Ruth and the Green Book
Ruth and the Green Book
Thank you! In the early s, newly built interstate highways invited Americans to travel by automobile, but the open road wasn't so open for African-Americans, especially in the South. Ramsey drives this truth home in this story of the journey of a family traveling from Chicago to Alabama by car. I was so excited to travel across the country! Cooper masterfully captures the emotions of the characters, filling his pages with three-dimensional individuals. This story touches on a little-known moment in American history with elegance, compassion and humanity. There was a problem adding your email address.
Ruth and the Green Book. Carolrhoda Books, In the early 's, Ruth and her parents are happily traveling in their family's first car all the way from Chicago to Alabama to visit her grandmother. But, as they head into the Jim Crow South, Ruth discovers firsthand there are businesses that refuse service to blacks. Her parents respond with resilience, driving and singing through the night. Eventually, a gas station attendant gives them a copy of The Green Book, a listing of businesses that will serve African American travelers. Ruth's parents put her in charge of reading the Green Book and finding friendly gas stations and places to stay. Ruth's sense of well being and security grows, and along the way she extends comfort to another set of travelers.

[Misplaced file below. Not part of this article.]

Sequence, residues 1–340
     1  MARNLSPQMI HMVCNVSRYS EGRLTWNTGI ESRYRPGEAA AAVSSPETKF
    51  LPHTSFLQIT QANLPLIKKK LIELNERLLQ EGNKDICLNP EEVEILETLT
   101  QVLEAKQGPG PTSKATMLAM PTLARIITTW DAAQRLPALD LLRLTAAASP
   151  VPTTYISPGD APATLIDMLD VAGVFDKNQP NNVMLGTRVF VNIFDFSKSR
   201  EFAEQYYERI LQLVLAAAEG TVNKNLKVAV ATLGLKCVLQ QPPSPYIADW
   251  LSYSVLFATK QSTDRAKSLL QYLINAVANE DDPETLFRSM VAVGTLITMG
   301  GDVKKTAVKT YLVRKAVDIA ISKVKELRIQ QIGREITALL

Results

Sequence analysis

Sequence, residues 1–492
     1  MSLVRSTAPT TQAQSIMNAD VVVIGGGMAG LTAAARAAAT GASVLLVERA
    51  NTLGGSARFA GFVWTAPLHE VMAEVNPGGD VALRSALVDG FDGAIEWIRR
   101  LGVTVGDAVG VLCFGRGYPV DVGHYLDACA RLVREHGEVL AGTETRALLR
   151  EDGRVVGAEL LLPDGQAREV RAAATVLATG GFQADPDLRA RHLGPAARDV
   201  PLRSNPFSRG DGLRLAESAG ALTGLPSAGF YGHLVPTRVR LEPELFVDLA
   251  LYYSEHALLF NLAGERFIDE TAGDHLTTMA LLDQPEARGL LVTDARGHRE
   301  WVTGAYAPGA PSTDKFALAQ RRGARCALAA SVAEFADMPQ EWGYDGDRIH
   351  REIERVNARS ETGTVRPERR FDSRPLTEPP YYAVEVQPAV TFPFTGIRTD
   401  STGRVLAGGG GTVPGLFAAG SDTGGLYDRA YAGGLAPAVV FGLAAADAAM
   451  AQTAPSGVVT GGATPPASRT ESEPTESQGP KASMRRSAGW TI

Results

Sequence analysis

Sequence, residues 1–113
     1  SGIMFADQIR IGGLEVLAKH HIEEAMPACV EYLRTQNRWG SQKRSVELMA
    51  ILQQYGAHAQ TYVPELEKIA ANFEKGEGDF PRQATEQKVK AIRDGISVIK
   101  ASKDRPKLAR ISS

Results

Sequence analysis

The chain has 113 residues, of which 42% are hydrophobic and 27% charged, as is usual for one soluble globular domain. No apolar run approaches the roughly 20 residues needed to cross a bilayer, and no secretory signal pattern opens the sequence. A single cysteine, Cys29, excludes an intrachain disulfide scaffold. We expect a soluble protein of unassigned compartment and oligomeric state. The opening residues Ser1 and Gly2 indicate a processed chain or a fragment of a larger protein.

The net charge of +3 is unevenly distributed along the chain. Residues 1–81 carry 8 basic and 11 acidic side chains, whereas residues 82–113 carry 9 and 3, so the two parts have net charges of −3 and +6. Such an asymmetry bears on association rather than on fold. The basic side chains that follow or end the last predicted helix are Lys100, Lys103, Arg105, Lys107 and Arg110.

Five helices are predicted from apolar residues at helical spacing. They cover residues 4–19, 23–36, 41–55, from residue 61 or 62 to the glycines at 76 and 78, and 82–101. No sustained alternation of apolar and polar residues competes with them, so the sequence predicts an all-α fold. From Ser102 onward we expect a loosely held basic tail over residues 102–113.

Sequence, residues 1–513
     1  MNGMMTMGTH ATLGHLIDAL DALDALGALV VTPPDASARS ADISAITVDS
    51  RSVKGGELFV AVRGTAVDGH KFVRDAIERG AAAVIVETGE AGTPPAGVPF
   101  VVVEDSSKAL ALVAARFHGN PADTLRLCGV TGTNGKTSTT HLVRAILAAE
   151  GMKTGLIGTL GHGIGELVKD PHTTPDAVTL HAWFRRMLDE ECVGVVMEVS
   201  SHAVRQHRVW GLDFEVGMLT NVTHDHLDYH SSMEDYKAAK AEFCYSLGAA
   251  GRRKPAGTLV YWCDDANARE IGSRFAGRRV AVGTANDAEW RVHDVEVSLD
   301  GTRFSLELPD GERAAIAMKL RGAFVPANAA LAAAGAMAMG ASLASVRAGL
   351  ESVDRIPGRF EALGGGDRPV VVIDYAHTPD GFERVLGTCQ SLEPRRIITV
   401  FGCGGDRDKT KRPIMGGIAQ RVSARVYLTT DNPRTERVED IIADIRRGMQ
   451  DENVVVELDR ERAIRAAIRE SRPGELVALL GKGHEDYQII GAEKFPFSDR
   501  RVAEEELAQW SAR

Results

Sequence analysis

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In the early s, few African Americans could afford to buy cars, so this would be an adventure. Many hotels and gas stations refused service to black people. Daddy was upset about something called Jim Crow laws. It listed all of the places that would welcome black travelers. This will be a fascinating addition to any civil rights picture-book collection. Overall, there is a sepialike quality to the art, giving the impression of gazing at old color photos.
Pulling from these experiences and his own inner resources, at age 51, Ramsey launched a career as a playwright that has not only produced significant works and accomplishments, but has also sparked important debate. Published from to , this now obscure guide was once widely used to shield Blacks from segregated facilities in the South and throughout the country. Interviews with scores of elderly African Americans, recalled emotions of peril and fear while traveling which Ramsey sought to recapture in his play. Subsequent readings of the play at La MaMa E. On the nights the Ku Klux Klan held rallies near the poor black neighborhood of Shermantown in Stone Mountain, Georgia, the residents could hear the racial epithets and hate-filled language lash the air, loosed through huge loudspeakers in a nearby pasture.